In the Governance and Global Affairs faculty we see that some researchers prefer to use generalist repositories and that’s why there are many datasets published in not-certified repositories. The same happens with the researchers from Naturalis Biodiversity Center (it’s a centre not related to a specific faculty) where the main repositories used are generalists and not-certified.

For the rest of the results, we recommend looking into the reports for the specific details of each faculty, as they provide a useful overview of the particularities related to the various disciplines and types of research data.

Conclusions

After completing this study, we identified some issues related to the FAIRness of research data, its impact and the importance of protocols.

  • One important part of this study has been the exchange of opinions and information with the Data Stewards, Data Managers and other members of staff involved in the research support. In general, we have seen that the compliance of researchers with the university requirements is good, considering that the development of a Data Management Protocol specific for their institutes is still work in progress. We think that it is really important that researchers can have these protocols as a guide in all the process of their research.
  • We see that there are some practices that could be improved:
    • Researchers store often their data because they “have to”, but they don’t share it or cite it. In these cases, the datasets are difficult to find and a barrier to reusability is also created.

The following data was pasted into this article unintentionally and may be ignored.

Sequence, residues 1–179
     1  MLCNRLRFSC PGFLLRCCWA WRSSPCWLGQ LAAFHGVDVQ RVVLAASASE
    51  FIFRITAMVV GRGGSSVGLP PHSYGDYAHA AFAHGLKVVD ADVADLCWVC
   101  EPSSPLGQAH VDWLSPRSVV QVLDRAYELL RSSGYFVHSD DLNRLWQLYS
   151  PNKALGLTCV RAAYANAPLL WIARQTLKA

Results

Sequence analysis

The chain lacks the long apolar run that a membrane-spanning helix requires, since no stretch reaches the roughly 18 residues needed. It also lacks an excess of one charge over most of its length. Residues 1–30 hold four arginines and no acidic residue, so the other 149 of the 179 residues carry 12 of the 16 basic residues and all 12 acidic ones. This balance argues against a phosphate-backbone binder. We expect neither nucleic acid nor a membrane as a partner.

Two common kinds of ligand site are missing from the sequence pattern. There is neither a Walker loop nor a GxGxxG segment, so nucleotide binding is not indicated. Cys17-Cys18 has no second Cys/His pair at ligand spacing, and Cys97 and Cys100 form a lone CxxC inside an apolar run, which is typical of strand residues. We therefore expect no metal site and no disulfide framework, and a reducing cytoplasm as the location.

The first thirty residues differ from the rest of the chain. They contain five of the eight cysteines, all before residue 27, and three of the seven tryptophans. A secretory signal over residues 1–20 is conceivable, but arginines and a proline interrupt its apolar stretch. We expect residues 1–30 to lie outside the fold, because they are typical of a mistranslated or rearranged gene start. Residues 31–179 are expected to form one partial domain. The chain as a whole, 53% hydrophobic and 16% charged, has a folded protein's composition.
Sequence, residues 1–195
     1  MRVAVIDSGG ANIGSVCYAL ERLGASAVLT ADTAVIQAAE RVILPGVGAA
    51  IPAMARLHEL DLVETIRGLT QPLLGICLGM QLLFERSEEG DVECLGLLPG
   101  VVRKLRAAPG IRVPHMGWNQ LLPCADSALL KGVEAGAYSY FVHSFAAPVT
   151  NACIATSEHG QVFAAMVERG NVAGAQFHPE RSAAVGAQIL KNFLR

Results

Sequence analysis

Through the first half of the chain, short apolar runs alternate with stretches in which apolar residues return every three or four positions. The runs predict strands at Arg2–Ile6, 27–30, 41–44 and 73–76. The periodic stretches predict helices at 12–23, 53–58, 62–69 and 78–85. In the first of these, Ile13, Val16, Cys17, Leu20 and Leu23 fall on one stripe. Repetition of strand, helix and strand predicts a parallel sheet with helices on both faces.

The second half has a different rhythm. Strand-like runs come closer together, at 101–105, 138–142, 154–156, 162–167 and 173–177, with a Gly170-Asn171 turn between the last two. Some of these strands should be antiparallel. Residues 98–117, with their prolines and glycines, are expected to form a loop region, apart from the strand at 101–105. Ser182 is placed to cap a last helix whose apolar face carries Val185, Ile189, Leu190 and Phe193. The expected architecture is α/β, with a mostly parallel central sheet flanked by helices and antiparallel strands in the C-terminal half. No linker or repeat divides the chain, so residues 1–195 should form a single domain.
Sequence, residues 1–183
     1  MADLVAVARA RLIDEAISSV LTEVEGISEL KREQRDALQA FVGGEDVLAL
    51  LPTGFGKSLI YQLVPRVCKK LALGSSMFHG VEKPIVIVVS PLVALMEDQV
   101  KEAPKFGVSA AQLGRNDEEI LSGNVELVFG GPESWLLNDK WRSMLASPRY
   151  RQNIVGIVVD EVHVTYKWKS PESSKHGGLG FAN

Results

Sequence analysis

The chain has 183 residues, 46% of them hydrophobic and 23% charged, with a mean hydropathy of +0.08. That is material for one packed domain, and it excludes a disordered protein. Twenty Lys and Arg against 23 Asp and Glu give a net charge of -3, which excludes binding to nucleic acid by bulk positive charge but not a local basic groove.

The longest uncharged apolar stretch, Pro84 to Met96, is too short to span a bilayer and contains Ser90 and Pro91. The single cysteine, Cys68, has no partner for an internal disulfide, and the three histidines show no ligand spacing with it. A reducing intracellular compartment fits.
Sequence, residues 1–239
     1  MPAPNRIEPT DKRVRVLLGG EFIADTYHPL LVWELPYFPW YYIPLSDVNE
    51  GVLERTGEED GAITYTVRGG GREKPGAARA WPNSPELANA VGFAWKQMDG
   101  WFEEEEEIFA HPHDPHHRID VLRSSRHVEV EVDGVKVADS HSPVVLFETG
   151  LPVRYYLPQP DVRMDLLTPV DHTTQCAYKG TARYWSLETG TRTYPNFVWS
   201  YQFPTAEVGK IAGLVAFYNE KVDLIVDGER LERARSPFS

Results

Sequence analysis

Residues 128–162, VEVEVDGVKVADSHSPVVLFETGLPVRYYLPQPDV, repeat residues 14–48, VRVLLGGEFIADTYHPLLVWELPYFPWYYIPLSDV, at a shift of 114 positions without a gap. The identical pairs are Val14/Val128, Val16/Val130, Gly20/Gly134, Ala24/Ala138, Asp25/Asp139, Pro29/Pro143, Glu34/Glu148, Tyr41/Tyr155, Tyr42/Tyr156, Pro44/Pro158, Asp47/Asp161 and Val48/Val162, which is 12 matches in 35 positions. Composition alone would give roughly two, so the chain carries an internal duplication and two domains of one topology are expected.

• It is important to link the datasets to the research publications so everyone interested in the research can easily find the dataset.
    • It is also important that researchers can be easily identified through a persistent identifier such as ORCID, so all the research is always linked to a specific researcher. Sometimes researchers create an ORCID account but they don’t put any information in it, so the identification and the affiliation to institutions are still not possible.

With this study we also wanted to know more about the impact of publishing datasets. We have seen that this is not so easy to prove. Only some of the repositories show us some metrics related to datasets (usually the generalist repositories). We can see how many views or downloads have the datasets but it’s not easy to relate this to the impact of the research or the researchers. To be able to know more about the impact, we should have information about publications with no datasets published so we could compare the metrics. That is something that could be studied in future research and that would be really interesting to know. But, for now, there are many things that can be improved with good practices to make research data more findable, reusable and to increase its visibility.

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Datasets from The Naturalis Biodiversity Center have been included in the study, although it is an external organisation. Researchers of the centre don’t need to comply with the regulations but some of them are staff members from the Institute of Biology (Science faculty).

1. This article was amended on 2 February 2023. The DANS Data Station Archaeology is expected to be certified with a CoreTrustSeal in 2023. Until that time, the datasets submitted to the DANS Data Station Archaeology are also kept in the existing CTS certified environment of DANS.